The Heart Is Deceitful Above All Things
Actress-Director Asia Argento’s film, The Heart is Deceitful Above All Things, is a crazy and disturbing low budget indie with an even stranger back-story.
Based on a since-discredited memoir by author / Warholian celebrity, J. T. Leroy, the film tells the story of Jeremiah, a young boy being raised in a loving foster home. One day he is reclaimed by his manic, irresponsible, bleach-blonde mother, Sarah - think Courtney Love crossed with Mommie Dearest - and their horrible new life together begins.
The boy is forced to live with his out-of-control mother, played by Italian actress Argento, as she sleeps around, whores herself at truck stops, does drugs, dumpster dives for food, and leaves her son alone as she goes off on a honeymoon to Atlantic City.
Argento plays Sarah with wild abandon. Equally impressive are the three young actors who play Jeremiah at various stages in his life. They’re convincing and immediately earn the viewer’s empathy. The youngest actor, Jimmy Bennett, is the most mesmerizing, as he’s beaten, raped and traumatized as his mother obliterates the happy childhood he once enjoyed.
This by-the-seat-of-our-pants film enjoys a number of memorable cameos, including Peter Fonda as Sarah’s hyper-strict minister father, Marilyn Manson as a bizarre child molester, a scantily clad Kip Pardue as a cowboy one-night stand, and Jeffrey Renner as the man Sarah abandons on their honeymoon who takes out his anger by raping her son.
Heart is based on a memoir by author J.T. Leroy. Leroy, you might remember was the cause celebre and socialite who was quickly embraced by such celebrities as Winona Ryder, Rosario Dawson, Lou Reed, Debbie Harry and others - only to be revealed by the New York Times earlier this year as a fraud. Not only wasn’t he a he, but the elements of his "memoir" were total fiction as well.
Nonetheless, as British photographer Mick Rock says, "Andy Warhol would have loved him" for pulling such an audacious media stunt which lasted nearly ten years.
While the unveiling of Leroy as a sham certainly taints the project, the power of the film remains. Although the film doesn’t actually portray Leroy’s childhood, it presents an indelible look at the horrors children can suffer at the hands of their parents and the few protections given to them by society.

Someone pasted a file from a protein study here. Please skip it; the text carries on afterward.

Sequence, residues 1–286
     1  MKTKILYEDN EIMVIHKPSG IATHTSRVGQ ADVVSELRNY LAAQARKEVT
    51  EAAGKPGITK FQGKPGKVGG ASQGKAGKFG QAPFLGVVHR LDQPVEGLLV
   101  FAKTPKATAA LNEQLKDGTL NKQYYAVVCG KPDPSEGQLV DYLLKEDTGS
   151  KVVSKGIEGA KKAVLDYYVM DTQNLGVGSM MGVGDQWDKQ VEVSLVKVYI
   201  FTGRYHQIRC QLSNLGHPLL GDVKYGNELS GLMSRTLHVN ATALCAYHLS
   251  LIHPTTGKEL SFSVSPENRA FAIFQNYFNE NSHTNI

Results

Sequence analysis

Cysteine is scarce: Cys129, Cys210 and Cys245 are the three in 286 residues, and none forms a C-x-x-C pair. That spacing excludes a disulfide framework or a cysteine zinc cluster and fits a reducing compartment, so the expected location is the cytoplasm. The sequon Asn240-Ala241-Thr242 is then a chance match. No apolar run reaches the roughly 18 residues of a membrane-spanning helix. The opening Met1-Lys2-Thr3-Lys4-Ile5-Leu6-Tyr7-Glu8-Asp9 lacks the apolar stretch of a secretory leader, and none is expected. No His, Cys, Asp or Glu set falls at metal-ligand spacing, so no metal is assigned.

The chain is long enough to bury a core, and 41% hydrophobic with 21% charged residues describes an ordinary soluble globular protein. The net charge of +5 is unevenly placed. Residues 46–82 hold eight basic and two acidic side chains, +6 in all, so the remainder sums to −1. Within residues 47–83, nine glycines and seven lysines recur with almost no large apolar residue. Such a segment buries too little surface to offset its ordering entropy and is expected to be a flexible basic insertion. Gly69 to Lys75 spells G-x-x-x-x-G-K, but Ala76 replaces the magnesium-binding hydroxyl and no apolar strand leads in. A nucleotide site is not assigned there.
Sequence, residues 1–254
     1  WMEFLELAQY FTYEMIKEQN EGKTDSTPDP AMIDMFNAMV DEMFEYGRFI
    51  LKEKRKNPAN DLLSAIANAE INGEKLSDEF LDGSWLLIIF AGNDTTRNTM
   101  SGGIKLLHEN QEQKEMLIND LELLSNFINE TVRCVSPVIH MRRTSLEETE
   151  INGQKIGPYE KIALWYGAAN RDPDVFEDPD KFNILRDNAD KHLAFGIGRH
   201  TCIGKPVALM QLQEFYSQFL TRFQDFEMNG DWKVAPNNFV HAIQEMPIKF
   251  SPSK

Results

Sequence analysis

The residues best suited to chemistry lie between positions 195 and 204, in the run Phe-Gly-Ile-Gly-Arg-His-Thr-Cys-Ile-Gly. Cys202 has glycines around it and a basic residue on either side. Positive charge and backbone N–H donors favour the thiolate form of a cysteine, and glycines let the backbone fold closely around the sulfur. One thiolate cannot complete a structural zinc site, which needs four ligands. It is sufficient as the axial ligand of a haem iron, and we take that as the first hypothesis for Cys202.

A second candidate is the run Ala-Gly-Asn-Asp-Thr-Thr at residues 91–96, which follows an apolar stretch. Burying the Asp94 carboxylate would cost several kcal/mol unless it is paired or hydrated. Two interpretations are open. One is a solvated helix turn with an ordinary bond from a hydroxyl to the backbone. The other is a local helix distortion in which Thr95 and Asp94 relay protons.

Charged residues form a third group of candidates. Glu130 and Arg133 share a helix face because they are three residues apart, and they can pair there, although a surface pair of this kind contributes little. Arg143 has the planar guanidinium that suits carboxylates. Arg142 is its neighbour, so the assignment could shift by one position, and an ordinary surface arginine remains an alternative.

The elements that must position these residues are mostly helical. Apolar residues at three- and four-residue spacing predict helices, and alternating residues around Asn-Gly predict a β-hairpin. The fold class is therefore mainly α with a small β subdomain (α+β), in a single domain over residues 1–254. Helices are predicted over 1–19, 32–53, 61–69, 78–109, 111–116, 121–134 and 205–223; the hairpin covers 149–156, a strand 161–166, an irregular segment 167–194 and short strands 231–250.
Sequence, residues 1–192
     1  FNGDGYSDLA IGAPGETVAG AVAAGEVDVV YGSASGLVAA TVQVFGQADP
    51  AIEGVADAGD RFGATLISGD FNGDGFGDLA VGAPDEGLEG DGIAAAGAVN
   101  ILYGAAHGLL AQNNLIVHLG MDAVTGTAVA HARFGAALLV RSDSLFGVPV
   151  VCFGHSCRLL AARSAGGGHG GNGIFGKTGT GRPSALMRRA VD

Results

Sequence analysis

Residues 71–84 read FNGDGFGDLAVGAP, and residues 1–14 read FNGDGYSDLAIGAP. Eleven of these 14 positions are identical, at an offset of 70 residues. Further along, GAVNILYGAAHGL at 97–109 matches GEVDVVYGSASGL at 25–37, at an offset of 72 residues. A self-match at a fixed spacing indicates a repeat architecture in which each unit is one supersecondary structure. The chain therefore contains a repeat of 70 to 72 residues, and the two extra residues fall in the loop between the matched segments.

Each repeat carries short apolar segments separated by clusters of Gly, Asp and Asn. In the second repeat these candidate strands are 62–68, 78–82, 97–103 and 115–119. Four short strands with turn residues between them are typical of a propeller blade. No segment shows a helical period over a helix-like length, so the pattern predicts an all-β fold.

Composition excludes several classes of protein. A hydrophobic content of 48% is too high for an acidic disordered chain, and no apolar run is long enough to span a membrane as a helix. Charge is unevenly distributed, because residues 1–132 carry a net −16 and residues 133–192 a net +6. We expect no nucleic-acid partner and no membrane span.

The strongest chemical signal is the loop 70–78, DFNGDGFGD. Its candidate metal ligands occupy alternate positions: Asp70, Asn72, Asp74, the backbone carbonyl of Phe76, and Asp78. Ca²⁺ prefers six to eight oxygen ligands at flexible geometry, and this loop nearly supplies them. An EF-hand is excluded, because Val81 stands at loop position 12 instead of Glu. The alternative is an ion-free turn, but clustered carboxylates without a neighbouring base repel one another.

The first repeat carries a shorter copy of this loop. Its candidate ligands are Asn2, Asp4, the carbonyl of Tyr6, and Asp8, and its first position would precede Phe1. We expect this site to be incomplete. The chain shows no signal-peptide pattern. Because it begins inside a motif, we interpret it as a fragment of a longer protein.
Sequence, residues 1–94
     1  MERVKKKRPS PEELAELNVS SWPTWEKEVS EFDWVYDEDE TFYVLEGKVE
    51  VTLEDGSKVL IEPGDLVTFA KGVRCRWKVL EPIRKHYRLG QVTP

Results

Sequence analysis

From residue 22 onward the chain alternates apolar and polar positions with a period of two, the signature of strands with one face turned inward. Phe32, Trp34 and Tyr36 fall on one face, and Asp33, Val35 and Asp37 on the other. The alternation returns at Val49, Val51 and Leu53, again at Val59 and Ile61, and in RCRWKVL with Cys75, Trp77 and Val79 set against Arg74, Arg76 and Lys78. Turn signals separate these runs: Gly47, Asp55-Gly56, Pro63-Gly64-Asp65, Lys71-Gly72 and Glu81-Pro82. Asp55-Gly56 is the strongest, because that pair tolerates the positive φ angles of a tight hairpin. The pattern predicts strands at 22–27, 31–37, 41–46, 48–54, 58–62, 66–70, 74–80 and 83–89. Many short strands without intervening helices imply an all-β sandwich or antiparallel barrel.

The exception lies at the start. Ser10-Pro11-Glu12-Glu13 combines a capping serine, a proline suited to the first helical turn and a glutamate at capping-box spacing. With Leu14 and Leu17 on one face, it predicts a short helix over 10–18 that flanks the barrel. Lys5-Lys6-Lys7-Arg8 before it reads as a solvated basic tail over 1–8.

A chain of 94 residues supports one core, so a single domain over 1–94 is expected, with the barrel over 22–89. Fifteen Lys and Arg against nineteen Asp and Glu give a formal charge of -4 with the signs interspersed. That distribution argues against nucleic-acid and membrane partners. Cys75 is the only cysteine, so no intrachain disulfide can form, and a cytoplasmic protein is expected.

While the film itself is well worth viewing, the extras are fairly commonplace. The best is the insightful and gossipy commentary on the making of the film by Argento and producer Chris Hanley, as well as a booklet of photos by Mick Rock about Leroy and his successful decade-long hoax.
In another short featurette, JT Under Cover, Leroy and Argento are shown attending the 2004 Cannes and Toronto Film Festivals. There’s also footage of Leroy doing a reading at Foyles bookstore in London where he looks like a cross between Goldie Hawn and Kid Rock, outfitted with large black Jackie O sunglasses and Michael Jackson’s creepy, practiced shyness.
There’s also footage from earlier this year of the New York premiere of the film, by which time it had been revealed Leroy was a fraud.
Kudos to Argento for making such a powerful film, made all the more realistic for relying on a small budget and avoiding the Hollywood studio system.
-- Commentary by director/star Asia Argento & producer Chris Hanley
-- Footage from the 2006 New York premiere of the movie
-- A short feature, "JT Under Cover", showing J.T. Leroy and Argento and the Cannes and Toronto Film Festivals
-- US movie trailer